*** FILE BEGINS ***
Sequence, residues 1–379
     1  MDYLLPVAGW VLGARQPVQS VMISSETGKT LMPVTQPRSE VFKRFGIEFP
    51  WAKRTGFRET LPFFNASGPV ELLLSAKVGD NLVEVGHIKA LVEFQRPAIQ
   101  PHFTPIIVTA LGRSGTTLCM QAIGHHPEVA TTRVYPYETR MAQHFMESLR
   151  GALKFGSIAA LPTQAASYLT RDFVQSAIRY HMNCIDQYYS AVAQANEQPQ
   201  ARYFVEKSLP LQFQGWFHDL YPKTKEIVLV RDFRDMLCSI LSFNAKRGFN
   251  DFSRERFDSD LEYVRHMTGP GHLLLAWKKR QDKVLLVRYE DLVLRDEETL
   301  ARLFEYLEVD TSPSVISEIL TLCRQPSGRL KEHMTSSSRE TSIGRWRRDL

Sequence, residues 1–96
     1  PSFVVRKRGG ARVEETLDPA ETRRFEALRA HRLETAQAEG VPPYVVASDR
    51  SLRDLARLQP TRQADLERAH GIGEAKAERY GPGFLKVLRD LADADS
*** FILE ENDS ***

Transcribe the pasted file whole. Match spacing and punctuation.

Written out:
Sequence, residues 1–379
     1  MDYLLPVAGW VLGARQPVQS VMISSETGKT LMPVTQPRSE VFKRFGIEFP
    51  WAKRTGFRET LPFFNASGPV ELLLSAKVGD NLVEVGHIKA LVEFQRPAIQ
   101  PHFTPIIVTA LGRSGTTLCM QAIGHHPEVA TTRVYPYETR MAQHFMESLR
   151  GALKFGSIAA LPTQAASYLT RDFVQSAIRY HMNCIDQYYS AVAQANEQPQ
   201  ARYFVEKSLP LQFQGWFHDL YPKTKEIVLV RDFRDMLCSI LSFNAKRGFN
   251  DFSRERFDSD LEYVRHMTGP GHLLLAWKKR QDKVLLVRYE DLVLRDEETL
   301  ARLFEYLEVD TSPSVISEIL TLCRQPSGRL KEHMTSSSRE TSIGRWRRDL

Sequence, residues 1–96
     1  PSFVVRKRGG ARVEETLDPA ETRRFEALRA HRLETAQAEG VPPYVVASDR
    51  SLRDLARLQP TRQADLERAH GIGEAKAERY GPGFLKVLRD LADADS